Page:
Rupert Murdoch's News Corp. is in trouble with the Chinese communist government for selling black market satellite equipment and programming to Chinese subjects. It sounds like the company is bending the rules to make money, but Mr. Murdoch has made his distain for totalitarian regimes pretty plain:
Rupert Murdoch's relationship with Beijing started on the wrong foot. The Australian-born mogul declared in 1993 that satellite-television networks, like the Hong Kong--based Star TV venture that he had purchased, would pose "an unambiguous threat to totalitarian regimes everywhere."
The company still plays ball with the ChiComs because they need to collect subscription fees if they want to make money, but the beautiful thing about satellite television is that the main infrastructure is in space, and can't be regulated by the Chinese. So News Corp. moved into China's extensive black market.
News Corp.'s efforts to climb through loopholes in China were brazen, according to Jiang Hua, a former News Corp. distribution manager in China. Despite regulations forbidding direct sales, Jiang, who left the company 18 months ago after a disagreement with his boss, says he distributed News Corp. channels ranging from National Geographic (in which it has a stake in Asia) to an MTV-like music channel called Channel V. Two former News Corp. executives confirm Jiang's story. Buyers were cable-TV networks from the Tibetan Plateau to the South China Sea. "News Corp. called what I did gray-market distribution," he says, "but it wasn't gray. It was black."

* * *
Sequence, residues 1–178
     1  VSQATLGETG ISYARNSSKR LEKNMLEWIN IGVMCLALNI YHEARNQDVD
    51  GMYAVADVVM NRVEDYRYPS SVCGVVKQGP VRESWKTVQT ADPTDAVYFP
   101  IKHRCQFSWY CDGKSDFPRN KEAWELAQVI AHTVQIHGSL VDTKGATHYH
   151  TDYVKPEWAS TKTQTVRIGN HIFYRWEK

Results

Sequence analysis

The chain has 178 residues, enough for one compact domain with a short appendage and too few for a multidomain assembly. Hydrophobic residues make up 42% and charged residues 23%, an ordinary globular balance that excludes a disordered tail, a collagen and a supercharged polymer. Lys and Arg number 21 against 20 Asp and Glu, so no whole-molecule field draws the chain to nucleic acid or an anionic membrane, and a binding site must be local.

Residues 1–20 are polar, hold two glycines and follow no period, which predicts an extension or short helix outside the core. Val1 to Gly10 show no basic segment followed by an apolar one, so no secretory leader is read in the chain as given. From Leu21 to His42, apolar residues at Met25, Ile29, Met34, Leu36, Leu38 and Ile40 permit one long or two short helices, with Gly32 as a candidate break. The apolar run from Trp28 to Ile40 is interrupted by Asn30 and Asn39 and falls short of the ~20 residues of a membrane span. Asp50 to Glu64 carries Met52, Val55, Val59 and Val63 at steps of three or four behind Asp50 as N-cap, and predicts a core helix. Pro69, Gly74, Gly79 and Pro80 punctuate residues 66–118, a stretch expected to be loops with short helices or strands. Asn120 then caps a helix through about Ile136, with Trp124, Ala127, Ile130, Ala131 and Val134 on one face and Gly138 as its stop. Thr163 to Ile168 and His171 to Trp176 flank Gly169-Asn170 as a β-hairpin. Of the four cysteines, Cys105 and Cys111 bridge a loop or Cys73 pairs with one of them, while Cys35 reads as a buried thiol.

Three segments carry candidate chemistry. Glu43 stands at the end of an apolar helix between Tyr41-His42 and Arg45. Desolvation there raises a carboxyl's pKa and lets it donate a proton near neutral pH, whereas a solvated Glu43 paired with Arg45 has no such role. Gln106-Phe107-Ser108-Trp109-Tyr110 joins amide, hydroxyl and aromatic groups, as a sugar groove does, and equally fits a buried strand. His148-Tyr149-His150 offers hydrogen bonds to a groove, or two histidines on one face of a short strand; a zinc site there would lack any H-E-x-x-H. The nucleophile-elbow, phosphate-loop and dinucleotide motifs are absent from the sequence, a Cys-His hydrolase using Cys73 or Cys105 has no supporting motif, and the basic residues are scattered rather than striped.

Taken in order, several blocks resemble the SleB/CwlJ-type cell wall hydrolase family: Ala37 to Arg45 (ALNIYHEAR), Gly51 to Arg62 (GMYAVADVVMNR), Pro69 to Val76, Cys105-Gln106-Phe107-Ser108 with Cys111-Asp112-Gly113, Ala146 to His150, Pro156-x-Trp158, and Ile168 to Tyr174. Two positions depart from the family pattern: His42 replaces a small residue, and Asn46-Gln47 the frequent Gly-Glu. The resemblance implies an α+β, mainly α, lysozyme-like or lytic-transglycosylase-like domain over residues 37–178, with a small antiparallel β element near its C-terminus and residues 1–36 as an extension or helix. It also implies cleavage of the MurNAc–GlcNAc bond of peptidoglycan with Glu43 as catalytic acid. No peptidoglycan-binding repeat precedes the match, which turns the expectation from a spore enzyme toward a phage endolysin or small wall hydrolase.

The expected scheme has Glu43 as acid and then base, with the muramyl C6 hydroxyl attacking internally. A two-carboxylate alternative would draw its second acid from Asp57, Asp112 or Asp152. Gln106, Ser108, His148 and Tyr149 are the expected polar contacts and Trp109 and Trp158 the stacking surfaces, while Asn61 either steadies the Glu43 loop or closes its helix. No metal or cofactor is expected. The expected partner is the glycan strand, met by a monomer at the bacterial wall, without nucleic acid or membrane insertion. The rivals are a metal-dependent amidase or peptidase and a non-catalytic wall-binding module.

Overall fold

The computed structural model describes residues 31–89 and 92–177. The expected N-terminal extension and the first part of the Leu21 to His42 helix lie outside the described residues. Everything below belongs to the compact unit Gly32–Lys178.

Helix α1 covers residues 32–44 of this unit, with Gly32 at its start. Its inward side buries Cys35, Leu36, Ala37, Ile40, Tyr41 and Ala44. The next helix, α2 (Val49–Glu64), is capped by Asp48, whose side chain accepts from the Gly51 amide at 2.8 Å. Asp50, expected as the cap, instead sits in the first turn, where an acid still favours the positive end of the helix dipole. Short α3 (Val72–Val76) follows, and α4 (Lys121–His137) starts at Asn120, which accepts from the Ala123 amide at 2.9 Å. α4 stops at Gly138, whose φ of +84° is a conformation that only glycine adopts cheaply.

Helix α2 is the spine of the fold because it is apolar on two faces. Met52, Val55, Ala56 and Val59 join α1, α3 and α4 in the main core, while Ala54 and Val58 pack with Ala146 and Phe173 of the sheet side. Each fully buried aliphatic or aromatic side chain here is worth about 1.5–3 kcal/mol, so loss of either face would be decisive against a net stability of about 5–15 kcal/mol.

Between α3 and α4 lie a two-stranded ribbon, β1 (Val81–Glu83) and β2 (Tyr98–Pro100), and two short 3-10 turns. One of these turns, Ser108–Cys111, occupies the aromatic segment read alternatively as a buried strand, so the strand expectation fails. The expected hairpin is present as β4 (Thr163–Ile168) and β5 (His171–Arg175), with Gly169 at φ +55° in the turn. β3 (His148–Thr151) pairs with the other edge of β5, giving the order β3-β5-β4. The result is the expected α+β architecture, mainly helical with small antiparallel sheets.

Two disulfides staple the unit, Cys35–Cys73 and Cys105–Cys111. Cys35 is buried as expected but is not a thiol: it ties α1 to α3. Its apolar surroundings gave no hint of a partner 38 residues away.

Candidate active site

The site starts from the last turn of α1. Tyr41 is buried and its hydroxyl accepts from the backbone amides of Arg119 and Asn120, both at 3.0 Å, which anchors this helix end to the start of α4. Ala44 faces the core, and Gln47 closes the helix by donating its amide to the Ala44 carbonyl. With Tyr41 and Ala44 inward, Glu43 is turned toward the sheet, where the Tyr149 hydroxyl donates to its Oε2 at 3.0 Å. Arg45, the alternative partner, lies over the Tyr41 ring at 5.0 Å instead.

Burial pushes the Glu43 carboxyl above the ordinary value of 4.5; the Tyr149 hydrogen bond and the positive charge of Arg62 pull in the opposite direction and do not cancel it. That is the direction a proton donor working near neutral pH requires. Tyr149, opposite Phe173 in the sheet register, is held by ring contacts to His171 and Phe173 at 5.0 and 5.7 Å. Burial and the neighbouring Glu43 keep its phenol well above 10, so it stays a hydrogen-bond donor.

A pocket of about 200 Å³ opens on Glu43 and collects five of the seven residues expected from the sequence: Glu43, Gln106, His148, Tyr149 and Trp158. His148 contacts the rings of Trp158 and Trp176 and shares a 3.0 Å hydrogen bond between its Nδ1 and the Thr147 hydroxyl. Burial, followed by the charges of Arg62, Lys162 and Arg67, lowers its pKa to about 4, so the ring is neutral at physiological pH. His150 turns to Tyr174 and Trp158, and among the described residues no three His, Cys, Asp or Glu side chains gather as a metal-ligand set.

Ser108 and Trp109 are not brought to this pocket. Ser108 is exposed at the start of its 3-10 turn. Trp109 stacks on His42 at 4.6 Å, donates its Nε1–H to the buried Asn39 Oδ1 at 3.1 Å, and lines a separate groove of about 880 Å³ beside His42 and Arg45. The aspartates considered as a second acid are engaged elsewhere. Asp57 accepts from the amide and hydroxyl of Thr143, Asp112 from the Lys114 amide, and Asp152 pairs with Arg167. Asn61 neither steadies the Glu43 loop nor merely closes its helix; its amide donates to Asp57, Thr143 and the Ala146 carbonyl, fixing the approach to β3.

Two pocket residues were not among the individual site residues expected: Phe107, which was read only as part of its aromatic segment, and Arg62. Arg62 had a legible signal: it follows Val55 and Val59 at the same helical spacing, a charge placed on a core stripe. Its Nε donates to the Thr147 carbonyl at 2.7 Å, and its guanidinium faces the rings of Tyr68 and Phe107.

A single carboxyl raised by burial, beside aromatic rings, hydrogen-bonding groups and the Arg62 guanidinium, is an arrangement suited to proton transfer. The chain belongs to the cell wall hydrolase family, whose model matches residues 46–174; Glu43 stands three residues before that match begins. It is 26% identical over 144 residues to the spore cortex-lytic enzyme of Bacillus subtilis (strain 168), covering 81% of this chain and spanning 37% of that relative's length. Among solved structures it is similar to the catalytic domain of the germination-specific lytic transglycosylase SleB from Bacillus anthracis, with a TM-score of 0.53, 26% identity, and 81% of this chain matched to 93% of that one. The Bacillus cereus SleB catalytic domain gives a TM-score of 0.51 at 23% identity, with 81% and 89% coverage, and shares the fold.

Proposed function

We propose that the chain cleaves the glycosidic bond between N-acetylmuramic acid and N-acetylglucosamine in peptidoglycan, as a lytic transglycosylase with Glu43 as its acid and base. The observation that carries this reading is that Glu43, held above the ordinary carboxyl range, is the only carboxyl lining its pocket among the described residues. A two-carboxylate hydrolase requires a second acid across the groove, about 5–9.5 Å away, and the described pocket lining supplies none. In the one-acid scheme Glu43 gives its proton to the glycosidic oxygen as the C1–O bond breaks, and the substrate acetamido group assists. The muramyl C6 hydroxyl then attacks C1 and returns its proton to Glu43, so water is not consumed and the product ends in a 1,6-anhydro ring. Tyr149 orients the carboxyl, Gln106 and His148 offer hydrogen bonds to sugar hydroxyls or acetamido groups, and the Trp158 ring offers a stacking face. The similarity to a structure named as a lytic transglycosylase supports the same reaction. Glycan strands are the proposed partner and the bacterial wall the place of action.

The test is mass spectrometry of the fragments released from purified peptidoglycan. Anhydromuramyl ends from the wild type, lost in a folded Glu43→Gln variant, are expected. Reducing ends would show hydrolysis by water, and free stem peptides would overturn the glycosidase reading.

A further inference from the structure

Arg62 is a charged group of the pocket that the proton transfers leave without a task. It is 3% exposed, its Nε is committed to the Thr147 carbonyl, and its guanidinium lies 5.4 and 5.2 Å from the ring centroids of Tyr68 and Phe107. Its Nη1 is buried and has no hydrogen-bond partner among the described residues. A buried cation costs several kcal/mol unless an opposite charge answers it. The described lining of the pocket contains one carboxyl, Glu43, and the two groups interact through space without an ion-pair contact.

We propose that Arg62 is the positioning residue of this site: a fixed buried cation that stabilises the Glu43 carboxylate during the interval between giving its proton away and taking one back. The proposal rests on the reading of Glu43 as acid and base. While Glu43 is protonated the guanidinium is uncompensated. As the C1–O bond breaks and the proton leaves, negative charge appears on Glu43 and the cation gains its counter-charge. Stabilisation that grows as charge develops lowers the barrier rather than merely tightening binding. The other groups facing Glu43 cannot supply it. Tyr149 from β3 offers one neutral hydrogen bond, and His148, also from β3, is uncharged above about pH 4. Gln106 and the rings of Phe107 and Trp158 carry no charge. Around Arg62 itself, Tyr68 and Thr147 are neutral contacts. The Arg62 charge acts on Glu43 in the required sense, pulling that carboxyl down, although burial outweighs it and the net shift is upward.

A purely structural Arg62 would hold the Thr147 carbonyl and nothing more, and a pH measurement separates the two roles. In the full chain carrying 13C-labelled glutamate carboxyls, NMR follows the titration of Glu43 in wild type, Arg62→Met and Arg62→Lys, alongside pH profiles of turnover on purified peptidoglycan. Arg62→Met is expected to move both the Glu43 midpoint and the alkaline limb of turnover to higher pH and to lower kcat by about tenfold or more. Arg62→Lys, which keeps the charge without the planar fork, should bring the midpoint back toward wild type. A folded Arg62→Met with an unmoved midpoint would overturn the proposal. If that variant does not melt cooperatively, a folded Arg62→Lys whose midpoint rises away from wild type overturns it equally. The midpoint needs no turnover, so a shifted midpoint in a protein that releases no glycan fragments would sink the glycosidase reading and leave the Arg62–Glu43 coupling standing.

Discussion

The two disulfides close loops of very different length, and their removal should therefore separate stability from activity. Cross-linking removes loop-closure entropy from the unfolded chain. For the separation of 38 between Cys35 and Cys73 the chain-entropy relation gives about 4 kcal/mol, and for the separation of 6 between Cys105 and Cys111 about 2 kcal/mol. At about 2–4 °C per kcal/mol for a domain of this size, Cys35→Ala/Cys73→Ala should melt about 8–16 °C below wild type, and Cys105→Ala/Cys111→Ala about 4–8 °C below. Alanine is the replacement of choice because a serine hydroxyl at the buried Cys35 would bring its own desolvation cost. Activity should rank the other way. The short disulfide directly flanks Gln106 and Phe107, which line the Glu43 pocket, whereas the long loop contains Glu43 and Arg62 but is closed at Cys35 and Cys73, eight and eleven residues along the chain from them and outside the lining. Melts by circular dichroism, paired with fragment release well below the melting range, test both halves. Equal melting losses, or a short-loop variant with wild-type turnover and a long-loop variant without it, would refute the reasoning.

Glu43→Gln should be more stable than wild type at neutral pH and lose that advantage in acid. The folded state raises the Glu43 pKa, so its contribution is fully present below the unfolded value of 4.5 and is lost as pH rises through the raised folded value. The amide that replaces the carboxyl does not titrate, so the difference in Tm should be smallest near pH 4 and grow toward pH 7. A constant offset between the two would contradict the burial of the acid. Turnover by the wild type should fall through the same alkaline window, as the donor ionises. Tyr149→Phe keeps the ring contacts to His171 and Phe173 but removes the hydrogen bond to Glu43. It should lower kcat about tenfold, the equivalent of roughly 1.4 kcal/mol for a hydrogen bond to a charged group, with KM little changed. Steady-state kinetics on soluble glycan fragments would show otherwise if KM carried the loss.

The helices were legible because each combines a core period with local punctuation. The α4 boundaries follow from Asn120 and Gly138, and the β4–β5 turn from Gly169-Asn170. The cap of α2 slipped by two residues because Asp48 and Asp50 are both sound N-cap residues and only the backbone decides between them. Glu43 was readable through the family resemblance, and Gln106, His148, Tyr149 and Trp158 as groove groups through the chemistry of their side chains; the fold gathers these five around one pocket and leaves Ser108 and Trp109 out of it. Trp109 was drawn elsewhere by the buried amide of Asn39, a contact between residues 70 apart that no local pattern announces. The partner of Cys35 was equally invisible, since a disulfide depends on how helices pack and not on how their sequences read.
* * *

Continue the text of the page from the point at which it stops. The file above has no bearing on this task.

Jiang says payments were channeled through a shell company, Beijing Hotkey Internet, which received nearly $1.5 million a year in illicit payments from cable operators starting in 2002. Jiang and another former News Corp. employee told TIME that cable operators occasionally paid with briefcases of cash.
I see this as a noble effort to bring the outside world into the homes of oppressed Chinese. China is growing fast, and will undoubtedly be a match for the United States in a few decades. It's essential that when that time comes China isn't still under the bootheel of fascists.